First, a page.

On August 3, the presidency of Ebrahim Raisi will enter its third year. Despite numerous promises and the full support of all branches of government for the president, the inflation is speeding ahead at full force.
Less than two weeks after Ehsan Khandouzi, the minister of economy, assured the country that, with the growth in liquidity slowing down, the inflation rate will subside in the coming months, statistics on monetary and banking variables poured cold water on the minister’s wishful thinking.
The Other Side of the Coin
In his press conference, Khandouzi announced that, in the past month, the point-to-point increase in liquidity has been 29 percent. If the annual growth in liquidity slows down to less than 30 percent, it could potentially lead to the cooling down of inflation.
In the summer and fall of 2021, the point-to-point growth in liquidity was hovering over 40 percent and a return to a long-term average of less than 30 percent is something that the government’s custodians of the economy have repeatedly promised. February 2021 was the last time when the rate of increase of liquidity was inferior to 30 percent (29.96 percent).
Iranian statesmen and policymakers are loath to talk about the other side of the coin: the changes in the monetary base, which is the total amount of money created by the central bank, including the total currency circulating in the public, the currency that is physically held in the vaults of commercial banks and the commercial banks' reserves held in the Central Bank. For months, liquidity and the monetary base have gone in opposite directions in Iran, meaning that the increase in liquidity has slowed down at the same rate as the increase in the monetary base.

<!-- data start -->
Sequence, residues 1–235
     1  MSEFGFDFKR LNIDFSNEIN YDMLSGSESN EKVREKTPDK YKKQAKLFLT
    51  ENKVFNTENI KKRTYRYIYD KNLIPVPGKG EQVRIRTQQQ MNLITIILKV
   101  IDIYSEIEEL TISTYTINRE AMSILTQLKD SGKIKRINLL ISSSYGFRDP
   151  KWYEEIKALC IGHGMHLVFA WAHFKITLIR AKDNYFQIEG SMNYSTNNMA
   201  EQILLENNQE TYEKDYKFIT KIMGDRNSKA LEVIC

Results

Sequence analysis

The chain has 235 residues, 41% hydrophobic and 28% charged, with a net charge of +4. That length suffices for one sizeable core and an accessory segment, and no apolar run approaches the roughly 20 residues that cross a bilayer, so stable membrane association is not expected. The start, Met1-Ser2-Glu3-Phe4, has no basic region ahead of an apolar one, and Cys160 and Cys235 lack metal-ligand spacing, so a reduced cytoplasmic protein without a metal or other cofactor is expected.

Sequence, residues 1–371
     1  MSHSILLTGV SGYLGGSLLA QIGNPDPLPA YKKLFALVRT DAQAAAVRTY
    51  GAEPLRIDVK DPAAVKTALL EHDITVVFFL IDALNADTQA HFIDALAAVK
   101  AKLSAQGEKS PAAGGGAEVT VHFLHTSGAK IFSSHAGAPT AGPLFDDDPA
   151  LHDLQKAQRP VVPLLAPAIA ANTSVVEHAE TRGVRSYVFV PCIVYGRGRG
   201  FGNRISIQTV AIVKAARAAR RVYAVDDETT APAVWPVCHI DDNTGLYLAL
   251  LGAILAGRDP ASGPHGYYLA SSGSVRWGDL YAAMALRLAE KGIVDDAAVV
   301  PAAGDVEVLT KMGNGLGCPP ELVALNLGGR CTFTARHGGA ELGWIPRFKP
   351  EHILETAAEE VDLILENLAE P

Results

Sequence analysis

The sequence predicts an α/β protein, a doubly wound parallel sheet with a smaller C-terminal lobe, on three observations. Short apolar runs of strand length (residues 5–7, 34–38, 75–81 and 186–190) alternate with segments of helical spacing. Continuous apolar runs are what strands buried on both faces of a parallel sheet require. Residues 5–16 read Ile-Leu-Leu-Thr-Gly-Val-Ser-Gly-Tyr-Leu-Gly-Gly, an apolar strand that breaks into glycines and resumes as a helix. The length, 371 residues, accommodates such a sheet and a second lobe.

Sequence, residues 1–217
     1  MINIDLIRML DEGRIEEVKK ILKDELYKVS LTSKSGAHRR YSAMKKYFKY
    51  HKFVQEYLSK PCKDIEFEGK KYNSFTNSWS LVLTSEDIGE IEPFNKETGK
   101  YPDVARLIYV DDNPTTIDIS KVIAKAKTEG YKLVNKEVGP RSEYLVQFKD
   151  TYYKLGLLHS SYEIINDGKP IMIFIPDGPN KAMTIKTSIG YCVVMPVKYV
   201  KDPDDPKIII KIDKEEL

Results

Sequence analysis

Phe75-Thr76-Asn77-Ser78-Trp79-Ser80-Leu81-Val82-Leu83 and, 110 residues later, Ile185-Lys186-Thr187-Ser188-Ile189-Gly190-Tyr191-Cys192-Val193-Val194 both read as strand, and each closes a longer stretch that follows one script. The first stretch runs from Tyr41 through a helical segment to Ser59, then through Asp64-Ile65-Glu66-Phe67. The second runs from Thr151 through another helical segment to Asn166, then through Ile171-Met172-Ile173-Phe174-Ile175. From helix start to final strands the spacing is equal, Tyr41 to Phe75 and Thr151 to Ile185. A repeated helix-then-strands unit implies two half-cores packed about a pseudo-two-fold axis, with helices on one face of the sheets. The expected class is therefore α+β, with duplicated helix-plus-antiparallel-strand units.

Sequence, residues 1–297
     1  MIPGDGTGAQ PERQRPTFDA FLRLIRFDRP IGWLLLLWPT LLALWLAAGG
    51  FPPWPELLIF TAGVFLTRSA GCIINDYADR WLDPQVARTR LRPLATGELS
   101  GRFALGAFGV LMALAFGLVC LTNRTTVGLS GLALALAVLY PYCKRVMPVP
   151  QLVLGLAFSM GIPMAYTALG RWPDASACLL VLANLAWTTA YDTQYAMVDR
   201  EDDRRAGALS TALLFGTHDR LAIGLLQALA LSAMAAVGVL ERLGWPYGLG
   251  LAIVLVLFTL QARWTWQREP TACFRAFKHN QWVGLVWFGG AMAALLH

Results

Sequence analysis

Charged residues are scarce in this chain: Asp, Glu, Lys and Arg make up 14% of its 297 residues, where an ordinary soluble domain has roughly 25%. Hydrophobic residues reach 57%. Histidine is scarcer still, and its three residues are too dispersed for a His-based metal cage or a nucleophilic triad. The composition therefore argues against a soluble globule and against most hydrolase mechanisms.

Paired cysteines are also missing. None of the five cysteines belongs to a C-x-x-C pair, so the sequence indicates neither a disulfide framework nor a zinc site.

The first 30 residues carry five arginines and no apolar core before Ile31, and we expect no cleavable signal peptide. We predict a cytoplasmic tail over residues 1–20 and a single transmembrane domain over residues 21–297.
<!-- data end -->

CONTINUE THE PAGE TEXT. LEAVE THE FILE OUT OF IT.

Detailed statistics on monetary variables in the month of Esfand (February 20 to March 20) poured cold water on Khandouzi’s optimism about the future of inflation in Iran.
According to data provided by Iran’s Central Bank, the point-to-point increase in the monetary base through that month reached 42.2 percent (860 trillion toman).
The “Money Multiplier” Puzzle
Even though data about monetary and banking variables for the past months have not yet been published, the silence of the economy minister about this other side of the coin shows that these trends continued during the spring.
These movements in opposite directions and the divergence between liquidity and monetary base can be explained by a variable called “money multiplier” (also known as money supply multiplier or monetary multiplier), which reflects the relation between the monetary base and liquidity. Money multiplier is the ratio of commercial bank money to central bank money. It shows how much money commercial banks are able to supply for each unit of the central bank’s money.
In the past months, Iran’s Central Bank imposed quantitative restrictions on banks and their balance sheets, reducing the monetary multiplier and, as a result, preventing the liquidity from increasing at the same rate as the monetary base or the printing of money.